Nightmarish times. I am having to write a book. I won’t say what it’s about, because this isn’t the place to do that kind of thing but all you need to know is that it involves writing a minimum of 2,000 words a day, and not just any old rubbish either. Well, that’s the idea, at least. So what? You might say. Loads of people are writing books, too many of them in fact, and Trollope used to write 10 million words about MPs or bishops every morning before going off to work and inventing the pillar box. Yes, but I am not Trollope and besides Trollope did not have the internet to distract him. He Facebooked not and neither did he tweet.
Neither did he have my own indolent habits. In the course of a journalistic career spanning four decades – a rather fancy way of saying since 1985 or so – I have managed to arrange things so that I have produced precisely zero books.
Modest habits and a stately couple of thousand words a week, I found, would be enough to keep the largest and meanest wolves from the door, after which I could retire to my boudoir to read detective stories and eat chocolates.
Well, those days are gone and it is time to knuckle under, and one of the snags with this is that the most excellent Laurie Penny, who has been away in New York for three months, is back in the Hovel, which is wonderful, except that she, too, is writing a book under pressure.
I don’t know if you read the acknowledgments at the beginning of books. I do – they’re often a rich source of paraliterary comedy, sometimes intentional. The best ever is from Wodehouse: “To my daughter Leonora, without whose never-failing sympathy and encouragement this book would have been finished in half the time.” That’s of course an inversion of the formula, which generally goes, with variations minor and major, elegant or inelegant, something like this: “with heartfelt thanks to my husband/wife and children, who put up with me for two long years while I wrote the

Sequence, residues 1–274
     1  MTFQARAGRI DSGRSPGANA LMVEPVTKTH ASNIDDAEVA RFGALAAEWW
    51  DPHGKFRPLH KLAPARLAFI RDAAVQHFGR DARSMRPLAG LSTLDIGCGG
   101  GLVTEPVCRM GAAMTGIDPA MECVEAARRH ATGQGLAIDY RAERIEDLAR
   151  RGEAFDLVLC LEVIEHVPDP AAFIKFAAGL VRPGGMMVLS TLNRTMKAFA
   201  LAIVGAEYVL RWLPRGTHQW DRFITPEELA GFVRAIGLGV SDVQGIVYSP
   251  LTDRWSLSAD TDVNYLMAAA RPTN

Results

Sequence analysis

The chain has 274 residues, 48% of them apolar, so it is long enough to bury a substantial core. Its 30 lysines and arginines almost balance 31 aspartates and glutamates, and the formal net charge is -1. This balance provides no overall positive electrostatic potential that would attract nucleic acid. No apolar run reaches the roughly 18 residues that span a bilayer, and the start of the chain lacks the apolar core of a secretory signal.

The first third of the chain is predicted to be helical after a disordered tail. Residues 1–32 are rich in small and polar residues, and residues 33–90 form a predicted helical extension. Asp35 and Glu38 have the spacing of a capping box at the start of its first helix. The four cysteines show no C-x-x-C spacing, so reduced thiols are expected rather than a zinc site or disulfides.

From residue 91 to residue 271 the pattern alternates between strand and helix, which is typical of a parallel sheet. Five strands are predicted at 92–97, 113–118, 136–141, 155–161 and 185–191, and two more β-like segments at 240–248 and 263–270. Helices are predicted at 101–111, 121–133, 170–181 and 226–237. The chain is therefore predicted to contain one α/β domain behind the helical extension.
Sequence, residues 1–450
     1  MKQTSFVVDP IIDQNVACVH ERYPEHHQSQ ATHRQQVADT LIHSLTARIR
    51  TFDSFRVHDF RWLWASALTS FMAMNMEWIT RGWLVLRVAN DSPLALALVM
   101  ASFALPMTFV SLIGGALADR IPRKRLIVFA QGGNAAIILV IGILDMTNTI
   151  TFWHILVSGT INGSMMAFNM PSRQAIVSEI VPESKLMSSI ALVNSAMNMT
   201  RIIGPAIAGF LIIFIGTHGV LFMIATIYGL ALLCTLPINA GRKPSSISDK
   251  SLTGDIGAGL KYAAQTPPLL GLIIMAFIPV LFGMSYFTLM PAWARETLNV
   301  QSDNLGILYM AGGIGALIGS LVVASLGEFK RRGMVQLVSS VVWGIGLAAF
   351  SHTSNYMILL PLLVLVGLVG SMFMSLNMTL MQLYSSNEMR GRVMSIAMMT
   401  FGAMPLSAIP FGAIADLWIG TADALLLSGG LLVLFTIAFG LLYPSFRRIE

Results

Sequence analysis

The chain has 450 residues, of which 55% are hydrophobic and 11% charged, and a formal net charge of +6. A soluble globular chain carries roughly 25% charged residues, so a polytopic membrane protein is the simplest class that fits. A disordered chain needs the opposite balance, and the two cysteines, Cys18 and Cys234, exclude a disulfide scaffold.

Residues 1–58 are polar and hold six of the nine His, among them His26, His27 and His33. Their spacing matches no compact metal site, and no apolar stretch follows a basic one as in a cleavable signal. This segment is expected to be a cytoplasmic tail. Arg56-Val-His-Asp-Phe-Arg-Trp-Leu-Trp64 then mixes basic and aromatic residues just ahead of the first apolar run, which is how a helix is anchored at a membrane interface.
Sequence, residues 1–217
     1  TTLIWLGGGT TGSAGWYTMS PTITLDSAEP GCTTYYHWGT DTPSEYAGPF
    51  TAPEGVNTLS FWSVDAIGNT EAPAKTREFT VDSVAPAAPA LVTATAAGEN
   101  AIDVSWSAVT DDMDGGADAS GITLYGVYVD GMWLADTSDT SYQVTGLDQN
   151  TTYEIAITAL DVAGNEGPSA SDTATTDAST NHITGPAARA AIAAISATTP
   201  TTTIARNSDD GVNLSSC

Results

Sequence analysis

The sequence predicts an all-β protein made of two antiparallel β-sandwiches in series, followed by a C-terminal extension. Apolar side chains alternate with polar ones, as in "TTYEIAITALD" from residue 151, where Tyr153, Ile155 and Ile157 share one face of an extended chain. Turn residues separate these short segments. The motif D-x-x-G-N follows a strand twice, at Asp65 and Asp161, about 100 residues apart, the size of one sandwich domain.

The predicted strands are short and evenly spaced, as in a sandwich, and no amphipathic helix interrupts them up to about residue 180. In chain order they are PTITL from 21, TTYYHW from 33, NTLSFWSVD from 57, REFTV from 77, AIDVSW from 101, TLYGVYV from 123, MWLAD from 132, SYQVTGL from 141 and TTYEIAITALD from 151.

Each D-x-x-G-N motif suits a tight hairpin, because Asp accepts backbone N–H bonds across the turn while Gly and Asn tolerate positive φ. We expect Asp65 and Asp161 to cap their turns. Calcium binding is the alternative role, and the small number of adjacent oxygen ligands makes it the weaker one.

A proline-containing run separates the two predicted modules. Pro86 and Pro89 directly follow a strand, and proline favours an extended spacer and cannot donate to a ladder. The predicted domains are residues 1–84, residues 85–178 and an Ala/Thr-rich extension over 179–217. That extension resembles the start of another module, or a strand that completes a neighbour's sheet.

book you now hold in your etc etc”.
I always curled my lip a bit at that kind of thing, partly because I had over the years discovered that writers can become perfectly insufferable without even writing a book. And although writing is hard and boring (I think it was Thomas Mann who said: “a writer is somebody for whom writing is more difficult than it is for other people”; he’s not wrong), it’s not exactly working down the mine, is it?
Oh, how little I knew. While you may think writing lots of words a day means simply clearing a few hours’ free space and keeping out of everyone else’s hair, and making sure they keep out of yours, the knock-on effects of a more than sevenfold increase in one’s daily output are manifest to the most casual visitor to the Hovel. There is the kind of writer who finds that the production of long-form prose mysteriously inaugurates a new-found interest in housework down to its most pettifogging details (oh, I think it is time to clean out the gunk from the cracks of the living-room
table with the tines of a fork and rearrange the books in alphabetical order); and then there is the kind of writer who found even doing a weekly laundry beyond him at the best of times and who now lets the space around him – it’s usually a him – deteriorate to the point where either council services or a TV crew have to be called in, if only to bear witness to the astonishing squalor.
Laurie, I have to say, is not the tidiest of people. I do not say this to mean “she’s disgustingly messy”; I just mean it to say she’s tolerant and about as tidy as I am, although our untidiness manifests itself in different ways. She’s a leaving-coffee-cups-around-the-place untidy person; I’m a piles-and-piles-of-books-and-papers-around-the-place kind of person. But now . . . well, she’s stayed about the same, whereas I . . . I’ve gone into hyperslob mode.
The last time I was this much of a grungebag was when I was catastrophically depressed. I’m not depressed now, far from it, but suffice it to say that Laurie, who has, in the year or more we have been sharing the same space, never said a thing, had good cause to point out that Things Are Getting Out of Hand. The mess is . . . awesome. And I have become unstable: snapping at her half the time, weeping with contrition for my outbursts the remainder. All with, in Ian McEwan’s great phrase, “the exculpatory ticket of high intent”. (Meaning: self-righteous with it.) If I were living with me, I’d shoot me. At least I have to finish my work in a week; by then I’ll be in a padded cell. But at least these, I gather, are very easy to wipe clean.